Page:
Liam Holohan is a former professional cyclist, turned high-level performance coach and founder of Holohan Coaching. He currently serves as as a coach for pro-team, Israel - Premier Tech.
Your fuelling strategy come race day is of critical importance. It's essential that you give your body what it needs to perform optimally, enabling you to achieve your goals. In this blog, I will advise you on how to fuel your race day performance.
First of all, your fuelling strategy should be tried and tested! Make sure you've done similar duration, and intensity rides in the run-up to your event using the nutrition you'll use on race day. The day of the big event is not the time for experimenting.
Race day fuelling starts well before breakfast on the morning of the event. In the 24 hours leading up to the event, you should look to increase your carbohydrate intake to maximise your muscle glycogen. Glycogen is the stored form of carbohydrate that is crucial to fuel performance when tacking the climbs. It's recommended that you consume ~10 grams of carbohydrate per kg of body mass in the lead-up to the event. For example, if your mass is 70 kg, you should aim for around 700 g of carbohydrates.
To accommodate this amount of carbohydrates, you should adjust your ratio of macronutrients. Macronutrients are carbohydrates, proteins and fats; they all combine to make up your total calorie intake. Protein should stay relatively consistent, and because of your increasing carbohydrate intake, you will need to reduce your fat intake.
On the event day, aim to have breakfast around three hours before start time. This should give the body enough time to digest breakfast, so you're ready to perform when the flag drops. Again, carbohydrates should be the predominant macronutrient. An example meal could be; porridge oats topped with banana and honey, orange juice, coffee and an omelette. A small carbohydrate-based snack is an ideal top-up if you find yourself getting peckish before the start.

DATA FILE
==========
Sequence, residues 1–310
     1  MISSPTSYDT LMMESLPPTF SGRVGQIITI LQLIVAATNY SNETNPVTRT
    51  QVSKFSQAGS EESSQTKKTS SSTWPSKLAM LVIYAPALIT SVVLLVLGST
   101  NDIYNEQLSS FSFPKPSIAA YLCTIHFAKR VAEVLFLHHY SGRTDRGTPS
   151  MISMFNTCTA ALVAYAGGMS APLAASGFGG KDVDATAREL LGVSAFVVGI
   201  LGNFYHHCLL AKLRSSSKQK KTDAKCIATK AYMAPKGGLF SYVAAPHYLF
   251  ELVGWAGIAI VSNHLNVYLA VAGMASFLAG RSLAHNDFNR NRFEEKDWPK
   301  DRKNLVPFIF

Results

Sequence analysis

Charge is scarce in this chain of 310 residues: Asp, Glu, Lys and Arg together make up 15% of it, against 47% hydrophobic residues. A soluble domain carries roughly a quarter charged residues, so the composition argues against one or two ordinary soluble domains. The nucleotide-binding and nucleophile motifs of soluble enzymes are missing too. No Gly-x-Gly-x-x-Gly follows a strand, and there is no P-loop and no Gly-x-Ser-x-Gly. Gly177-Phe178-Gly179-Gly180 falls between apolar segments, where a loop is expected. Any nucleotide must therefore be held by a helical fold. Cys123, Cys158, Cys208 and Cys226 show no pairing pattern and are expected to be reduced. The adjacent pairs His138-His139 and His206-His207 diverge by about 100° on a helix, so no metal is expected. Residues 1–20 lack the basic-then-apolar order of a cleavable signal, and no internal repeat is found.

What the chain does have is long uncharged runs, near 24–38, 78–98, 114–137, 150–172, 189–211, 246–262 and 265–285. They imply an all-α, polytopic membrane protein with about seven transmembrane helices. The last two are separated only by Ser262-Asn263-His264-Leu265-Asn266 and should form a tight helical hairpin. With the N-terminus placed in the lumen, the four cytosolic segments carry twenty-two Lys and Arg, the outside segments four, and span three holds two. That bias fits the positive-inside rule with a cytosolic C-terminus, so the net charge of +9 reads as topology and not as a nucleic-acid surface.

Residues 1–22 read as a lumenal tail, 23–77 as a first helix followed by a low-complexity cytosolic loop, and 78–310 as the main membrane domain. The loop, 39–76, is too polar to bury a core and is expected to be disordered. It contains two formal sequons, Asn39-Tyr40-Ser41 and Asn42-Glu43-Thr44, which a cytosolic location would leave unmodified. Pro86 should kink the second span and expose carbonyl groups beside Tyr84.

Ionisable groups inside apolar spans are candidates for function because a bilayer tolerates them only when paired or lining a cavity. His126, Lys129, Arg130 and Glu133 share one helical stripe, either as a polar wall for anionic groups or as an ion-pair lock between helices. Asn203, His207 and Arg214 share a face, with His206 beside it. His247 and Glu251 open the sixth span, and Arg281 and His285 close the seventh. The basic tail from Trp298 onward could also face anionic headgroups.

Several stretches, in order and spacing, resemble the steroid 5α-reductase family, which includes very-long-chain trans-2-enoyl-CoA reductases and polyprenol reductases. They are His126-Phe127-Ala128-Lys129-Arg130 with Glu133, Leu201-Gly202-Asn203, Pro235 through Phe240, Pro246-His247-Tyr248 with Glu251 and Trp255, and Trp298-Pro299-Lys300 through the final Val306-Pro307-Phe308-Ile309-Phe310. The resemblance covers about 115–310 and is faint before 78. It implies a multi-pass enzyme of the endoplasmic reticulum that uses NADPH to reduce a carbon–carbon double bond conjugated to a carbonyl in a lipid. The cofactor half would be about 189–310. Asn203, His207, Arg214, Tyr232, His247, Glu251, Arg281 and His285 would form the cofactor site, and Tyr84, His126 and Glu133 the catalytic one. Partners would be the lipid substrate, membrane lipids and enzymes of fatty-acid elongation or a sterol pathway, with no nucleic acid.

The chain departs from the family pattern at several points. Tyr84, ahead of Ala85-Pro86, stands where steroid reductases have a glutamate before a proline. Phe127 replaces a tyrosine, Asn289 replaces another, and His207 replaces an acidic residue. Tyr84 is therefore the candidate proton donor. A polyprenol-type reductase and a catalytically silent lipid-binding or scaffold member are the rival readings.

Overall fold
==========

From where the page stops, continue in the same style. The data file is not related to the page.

Most big Gran Fondos and sportives are often in summer when temperatures are high; thus, hydration is essential. Even a small amount of dehydration has been shown to harm performance. Hydration is very individual, and the amount you need to consume will depend on the temperature, humidity, intensity of your ride and many other factors. For this reason, it's important that you have an idea of your sweat rate for a range of conditions. There are many excellent online resources to calculate your sweat rate, enabling you to develop your own personalised hydration strategy.
During the event, you will need to keep replenishing your carbohydrate stores. Convenient options are bars, gels and drinks. Which of these you choose doesn't really matter. They will all be similarly converted into energy. Most riders prefer a combination of 'real' food and specialist sports nutrition.
Some great options to have are bananas and rice cakes; if you're unsure how to make these see here:
You should aim for 60 g of carbohydrate per hour if using glucose-based products; however, you can increase this to 90 g per hour if using a combination of glucose and fructose; see here for more information:
Recovery is critical if you're competing in a multiday event. Nutrition plays a big part in the recovery process. You should aim to rehydrate, refuel and rest in order to perform in the coming stages. If you just completed your goal event, then enjoy the moment! Have a beer and a pizza and celebrate a job well done!
So you're fueled and ready to race. Now it's time to put it into action; Join Team NOMAN at the Haute Route events and ride to end HPV cancers. Find out more and sign up.
Photos: Ben Becker